Garage bucks, trim, poly-ash trim
After

If you haven’t yet tried TruExterior—this is the spot to give it a go. The quick replacement project for remodeling pros or DIYers will yield a cleaner look while dramatically reducing the home’s maintenance needs year after year.

For more information, visit the TruExterior trim page.

Vertical Siding Installation and Inspiration

exterior inspiration, vertical siding, siding, TruExterior, poly-ash siding

Vertical siding installation is on trend for a reason—blended with horizontal siding or other materials, it’s an ideal way to add dimension and visual interest to the home exterior, particularly as homeowners clamor for multi-textured façades. Vertical applications also are a great way to make accent areas a bit more interesting. 

But installing vertical siding has some nuances both designers and installers should keep in mind. Here are a few things to consider when using TruExterior Siding in vertical installations. 

Choose the right style and profile: Vertical siding is most often used with Channel or V-Rustic profiles, but also can be achieved with Nickel Gap or Shiplap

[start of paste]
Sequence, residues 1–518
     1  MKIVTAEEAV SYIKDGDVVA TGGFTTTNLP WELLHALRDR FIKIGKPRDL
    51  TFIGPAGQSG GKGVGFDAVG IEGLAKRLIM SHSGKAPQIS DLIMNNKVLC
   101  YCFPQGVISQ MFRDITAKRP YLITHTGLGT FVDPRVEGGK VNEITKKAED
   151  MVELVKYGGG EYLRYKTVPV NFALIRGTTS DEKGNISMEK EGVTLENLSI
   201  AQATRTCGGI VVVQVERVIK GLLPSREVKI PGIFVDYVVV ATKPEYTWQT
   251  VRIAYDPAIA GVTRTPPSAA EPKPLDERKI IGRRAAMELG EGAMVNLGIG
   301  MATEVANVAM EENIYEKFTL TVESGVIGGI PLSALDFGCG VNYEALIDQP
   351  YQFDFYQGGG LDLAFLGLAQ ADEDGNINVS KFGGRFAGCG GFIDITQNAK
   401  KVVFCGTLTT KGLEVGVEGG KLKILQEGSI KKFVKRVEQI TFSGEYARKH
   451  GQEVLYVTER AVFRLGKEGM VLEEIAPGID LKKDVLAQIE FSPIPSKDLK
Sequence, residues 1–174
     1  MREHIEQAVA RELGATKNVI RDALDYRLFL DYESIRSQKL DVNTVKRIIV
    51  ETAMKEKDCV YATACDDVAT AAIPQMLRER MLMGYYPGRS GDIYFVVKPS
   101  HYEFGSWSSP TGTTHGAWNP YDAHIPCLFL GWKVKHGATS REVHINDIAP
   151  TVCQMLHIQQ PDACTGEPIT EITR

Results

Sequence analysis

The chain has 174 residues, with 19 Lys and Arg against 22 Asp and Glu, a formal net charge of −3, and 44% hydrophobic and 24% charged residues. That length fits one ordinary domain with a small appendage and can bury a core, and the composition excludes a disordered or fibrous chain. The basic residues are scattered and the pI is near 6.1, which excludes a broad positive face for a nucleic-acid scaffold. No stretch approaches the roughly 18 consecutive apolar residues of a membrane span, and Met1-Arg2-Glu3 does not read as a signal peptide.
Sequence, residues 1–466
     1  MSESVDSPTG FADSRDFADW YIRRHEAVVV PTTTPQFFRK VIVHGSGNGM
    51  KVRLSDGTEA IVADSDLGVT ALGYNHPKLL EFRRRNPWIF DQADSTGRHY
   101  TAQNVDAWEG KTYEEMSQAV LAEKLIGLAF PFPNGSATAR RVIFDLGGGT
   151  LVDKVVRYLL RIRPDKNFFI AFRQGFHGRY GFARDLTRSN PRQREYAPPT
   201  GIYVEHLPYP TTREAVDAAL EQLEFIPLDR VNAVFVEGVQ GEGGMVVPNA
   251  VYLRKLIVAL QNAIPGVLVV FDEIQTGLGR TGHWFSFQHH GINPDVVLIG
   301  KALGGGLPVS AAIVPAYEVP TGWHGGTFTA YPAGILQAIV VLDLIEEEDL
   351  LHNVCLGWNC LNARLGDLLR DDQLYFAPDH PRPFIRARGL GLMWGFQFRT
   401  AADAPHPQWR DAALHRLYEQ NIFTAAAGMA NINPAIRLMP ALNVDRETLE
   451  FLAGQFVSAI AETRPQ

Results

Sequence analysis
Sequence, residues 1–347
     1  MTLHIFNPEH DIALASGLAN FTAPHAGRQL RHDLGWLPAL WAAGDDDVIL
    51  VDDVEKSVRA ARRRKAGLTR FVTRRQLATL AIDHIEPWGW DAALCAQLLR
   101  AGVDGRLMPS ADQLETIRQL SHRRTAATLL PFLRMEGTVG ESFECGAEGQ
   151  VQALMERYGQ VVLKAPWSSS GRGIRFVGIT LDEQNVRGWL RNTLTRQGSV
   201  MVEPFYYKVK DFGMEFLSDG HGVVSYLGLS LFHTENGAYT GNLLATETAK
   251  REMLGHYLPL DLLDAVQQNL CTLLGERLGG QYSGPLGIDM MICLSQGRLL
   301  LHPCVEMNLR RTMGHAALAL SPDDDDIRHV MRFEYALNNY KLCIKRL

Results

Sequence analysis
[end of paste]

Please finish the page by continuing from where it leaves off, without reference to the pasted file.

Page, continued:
Complement the home style: Vertical installations are commonly seen on both modern and traditional styles. If used across the full expanse of the façade, the look will decidedly lean modern or, depending on the other design elements, modern farmhouse; traditional exteriors should stick to accents, such as a gable or around an entryway.

Vertical siding, exterior inspiration, TruExterior Siding
Vertical siding made with TruExterior channel siding is ideal for dormers and complements the lines of the metal roofing.

• Follow installation instructions: Keep in mind that vertical installations of TruExterior Siding will require a few different steps than horizontal applications. These include: 

–Make sure to install flashing above windows, doors, and roof lines as usual.